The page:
Colin Harding is fed up of architects with a god complex going on about iconic design. When it comes to the Olympics, thou shalt worship none but design and build
It could have been Julius Caesar who said of the Parthenon: “Icon, iconic, iconolatric”, but then Latin is all Greek to me. However, it was definitely Lord Rogers who said that, because it will be a design-and-build project, the Olympic stadium will be insufficiently “iconic”, whatever that means.
That comment has projected the word iconic into the lead in the Olympic spin marathon, challenging buzzwords such as “legacy”, “sustainability” and “overspend”.
The big question is: what is the true meaning of iconic? Rogers’ logic is that only design-led projects can be iconic and design-and-build ones are automatically “contra-iconic”.
So, the embarrassing Wembley stadium is clearly iconic, while Arsenal’s highly successful Emirates Stadium must be contra-iconic.
Zaha Hadid’s unsustainable aquatics centre is iconic, while the commercially developed media centre is contra-iconic. Logically, then, if the extravagant Scottish parliament is iconic, the stylish Welsh assembly must be contra-iconic.
But hang on a second, Taylor Woodrow’s design-and-build Welsh assembly is winning lots of prizes. And the architect was Lord Rogers himself – a high priest of iconolatry. Noted iconophiles don’t switch off their iconism just because they are working under the design-and-build ethos.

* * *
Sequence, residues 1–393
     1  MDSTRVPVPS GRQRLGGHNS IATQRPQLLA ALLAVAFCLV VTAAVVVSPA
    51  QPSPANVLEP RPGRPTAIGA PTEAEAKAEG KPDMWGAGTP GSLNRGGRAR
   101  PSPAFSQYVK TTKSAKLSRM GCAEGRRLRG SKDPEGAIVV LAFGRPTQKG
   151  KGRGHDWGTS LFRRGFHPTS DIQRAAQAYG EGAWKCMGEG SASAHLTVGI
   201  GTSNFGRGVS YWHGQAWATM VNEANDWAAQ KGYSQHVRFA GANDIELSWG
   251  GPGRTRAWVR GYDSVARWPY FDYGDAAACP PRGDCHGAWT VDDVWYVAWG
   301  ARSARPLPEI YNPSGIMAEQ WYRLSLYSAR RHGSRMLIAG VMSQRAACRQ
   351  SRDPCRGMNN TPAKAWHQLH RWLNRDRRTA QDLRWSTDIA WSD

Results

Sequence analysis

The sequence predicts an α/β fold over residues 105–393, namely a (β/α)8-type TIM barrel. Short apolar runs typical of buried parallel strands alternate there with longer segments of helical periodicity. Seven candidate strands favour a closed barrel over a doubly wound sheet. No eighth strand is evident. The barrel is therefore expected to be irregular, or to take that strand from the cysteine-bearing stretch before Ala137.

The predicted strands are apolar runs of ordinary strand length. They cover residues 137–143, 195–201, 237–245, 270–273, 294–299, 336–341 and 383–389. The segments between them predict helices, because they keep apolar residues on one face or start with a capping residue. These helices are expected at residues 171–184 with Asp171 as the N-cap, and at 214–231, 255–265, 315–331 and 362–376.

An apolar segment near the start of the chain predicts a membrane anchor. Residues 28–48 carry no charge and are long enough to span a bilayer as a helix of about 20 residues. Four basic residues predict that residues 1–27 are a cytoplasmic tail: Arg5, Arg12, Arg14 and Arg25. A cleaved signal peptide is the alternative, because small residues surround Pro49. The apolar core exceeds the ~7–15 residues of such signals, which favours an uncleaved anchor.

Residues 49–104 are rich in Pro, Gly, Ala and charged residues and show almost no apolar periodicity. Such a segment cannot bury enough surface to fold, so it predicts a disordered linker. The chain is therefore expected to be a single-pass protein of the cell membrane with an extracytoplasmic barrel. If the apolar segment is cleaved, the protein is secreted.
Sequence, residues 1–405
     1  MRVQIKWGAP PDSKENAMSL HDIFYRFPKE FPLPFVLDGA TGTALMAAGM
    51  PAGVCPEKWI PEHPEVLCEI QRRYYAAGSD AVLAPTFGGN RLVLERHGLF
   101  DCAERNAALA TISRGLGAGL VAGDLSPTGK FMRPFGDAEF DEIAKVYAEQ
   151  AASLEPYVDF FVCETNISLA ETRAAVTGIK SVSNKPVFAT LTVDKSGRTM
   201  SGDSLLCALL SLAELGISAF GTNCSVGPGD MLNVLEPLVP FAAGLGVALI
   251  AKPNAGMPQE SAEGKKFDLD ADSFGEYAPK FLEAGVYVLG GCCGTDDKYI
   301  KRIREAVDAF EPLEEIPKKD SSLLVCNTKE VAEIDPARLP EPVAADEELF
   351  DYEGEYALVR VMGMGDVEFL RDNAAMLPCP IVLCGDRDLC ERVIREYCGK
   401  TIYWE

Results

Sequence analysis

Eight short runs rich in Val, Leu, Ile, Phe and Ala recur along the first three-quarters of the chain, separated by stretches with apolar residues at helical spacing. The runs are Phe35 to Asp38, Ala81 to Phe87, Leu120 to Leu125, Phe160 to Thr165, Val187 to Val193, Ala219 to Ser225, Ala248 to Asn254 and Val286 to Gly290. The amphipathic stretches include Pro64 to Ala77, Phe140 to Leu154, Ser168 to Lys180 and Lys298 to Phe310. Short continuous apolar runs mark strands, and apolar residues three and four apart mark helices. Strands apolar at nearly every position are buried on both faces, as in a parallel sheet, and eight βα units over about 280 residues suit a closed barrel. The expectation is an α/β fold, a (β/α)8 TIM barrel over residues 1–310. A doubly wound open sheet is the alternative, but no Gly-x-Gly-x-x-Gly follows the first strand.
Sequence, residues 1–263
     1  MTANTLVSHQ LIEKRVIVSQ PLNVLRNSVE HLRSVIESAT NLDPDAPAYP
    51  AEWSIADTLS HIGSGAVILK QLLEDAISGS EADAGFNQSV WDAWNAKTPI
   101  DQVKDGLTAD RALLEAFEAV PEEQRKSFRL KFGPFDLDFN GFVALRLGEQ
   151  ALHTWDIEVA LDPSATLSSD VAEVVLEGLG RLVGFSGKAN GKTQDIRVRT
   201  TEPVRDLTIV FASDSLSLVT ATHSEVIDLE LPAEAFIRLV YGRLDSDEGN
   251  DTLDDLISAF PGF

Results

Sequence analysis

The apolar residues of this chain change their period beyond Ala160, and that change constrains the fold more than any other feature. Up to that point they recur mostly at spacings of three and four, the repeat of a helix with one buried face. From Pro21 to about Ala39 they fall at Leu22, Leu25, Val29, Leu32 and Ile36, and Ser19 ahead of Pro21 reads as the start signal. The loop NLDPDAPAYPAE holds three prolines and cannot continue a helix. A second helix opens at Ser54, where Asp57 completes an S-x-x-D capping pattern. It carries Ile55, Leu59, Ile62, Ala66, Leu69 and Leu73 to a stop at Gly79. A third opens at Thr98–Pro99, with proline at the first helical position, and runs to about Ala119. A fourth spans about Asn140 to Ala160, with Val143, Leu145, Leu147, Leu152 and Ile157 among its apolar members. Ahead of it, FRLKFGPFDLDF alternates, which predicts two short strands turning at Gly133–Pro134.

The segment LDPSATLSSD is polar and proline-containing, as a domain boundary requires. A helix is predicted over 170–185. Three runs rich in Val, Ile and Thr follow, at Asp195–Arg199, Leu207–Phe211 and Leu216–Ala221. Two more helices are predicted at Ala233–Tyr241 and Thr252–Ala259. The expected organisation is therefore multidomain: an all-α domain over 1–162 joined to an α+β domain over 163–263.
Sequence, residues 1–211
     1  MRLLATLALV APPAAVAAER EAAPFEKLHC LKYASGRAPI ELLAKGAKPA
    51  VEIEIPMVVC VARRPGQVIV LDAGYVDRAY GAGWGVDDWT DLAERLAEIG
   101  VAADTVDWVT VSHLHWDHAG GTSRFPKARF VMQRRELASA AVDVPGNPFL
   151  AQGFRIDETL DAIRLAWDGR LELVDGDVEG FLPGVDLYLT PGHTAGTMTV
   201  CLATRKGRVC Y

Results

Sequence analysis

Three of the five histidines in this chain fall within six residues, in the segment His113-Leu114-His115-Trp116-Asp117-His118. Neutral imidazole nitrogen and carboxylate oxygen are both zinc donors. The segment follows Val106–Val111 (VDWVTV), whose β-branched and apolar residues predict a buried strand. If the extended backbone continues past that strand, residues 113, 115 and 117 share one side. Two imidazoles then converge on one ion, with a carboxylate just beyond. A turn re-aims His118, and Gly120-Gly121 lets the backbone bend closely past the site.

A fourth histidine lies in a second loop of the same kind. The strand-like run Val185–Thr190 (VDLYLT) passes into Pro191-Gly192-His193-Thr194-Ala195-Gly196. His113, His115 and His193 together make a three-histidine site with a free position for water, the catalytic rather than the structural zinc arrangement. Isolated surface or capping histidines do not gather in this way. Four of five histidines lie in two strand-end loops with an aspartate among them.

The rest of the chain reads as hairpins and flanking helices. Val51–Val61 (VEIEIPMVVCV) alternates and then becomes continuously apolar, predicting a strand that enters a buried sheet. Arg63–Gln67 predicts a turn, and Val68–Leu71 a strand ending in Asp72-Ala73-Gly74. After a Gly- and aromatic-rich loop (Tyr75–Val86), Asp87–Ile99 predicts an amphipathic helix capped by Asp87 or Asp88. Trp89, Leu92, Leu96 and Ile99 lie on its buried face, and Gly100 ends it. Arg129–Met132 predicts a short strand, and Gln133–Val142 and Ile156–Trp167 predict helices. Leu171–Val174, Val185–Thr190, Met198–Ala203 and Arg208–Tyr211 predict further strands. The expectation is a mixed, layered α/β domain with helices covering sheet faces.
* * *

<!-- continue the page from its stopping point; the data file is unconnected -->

To me, the Welsh assembly is much more iconic and likeable than the Scottish parliament. And it was finished on time, within budget, without driving the subcontractors into insolvency or employing half the world’s construction lawyers.
In the fuss over whether the Olympic stadium should be design-and-build or design-led, we are witnessing the last stand of the God-architect
But let’s come back to the real meaning of iconic. My grandmother would have said that one person’s icon was somebody else’s carbuncle. The concise Oxford dictionary defines it as “following a conventional type”, from the Greek “eikonikos”, which is the antithesis of the design-led lobby’s objectives.
Realistically though, in our modern spinning electronic world, the true meaning is irrelevant – it’s just the impression it leaves that counts. The word iconic is no more than another weapon in the battle for the survival of the architect-led adversarial contract system. In the fuss over whether the Olympic stadium and the media centre should be design-and-build or design-led, we are witnessing the last stand of the God-architect.
Of course we need iconic structures to lift our spirits and proclaim our status, but our artistic enthusiasm must be tempered by the realities of practicality and cost, illustrated by the following construction costs:
- Basic up to: £1,500/m²
- Modest: £1,500-2,500/m²
- Prestige: £2,500-5,000/m²
- World class: £5,000-7,500/m²
- Iconic: £13,000-15,000/m².
In any case, do we really need to be keeping up with the iconic Joneses of Athens, whose stadium is now redundant, or of Beijing, where the world’s biggest steel bird’s nest will hit new heights of unsustainability?
Our talented iconophile architects should be concentrating on wow-factor sporting venues that create affordable iconism rather than extravagant notoriety. There’s no doubt that the cult of iconolatry is the main reason why UK construction costs are among the highest in the world.
All this lexicography has made me realise that I am a true iconoclast – and that, like iconolatry, is in the dictionary. Season’s greetings and an iconoclastic new year to you all.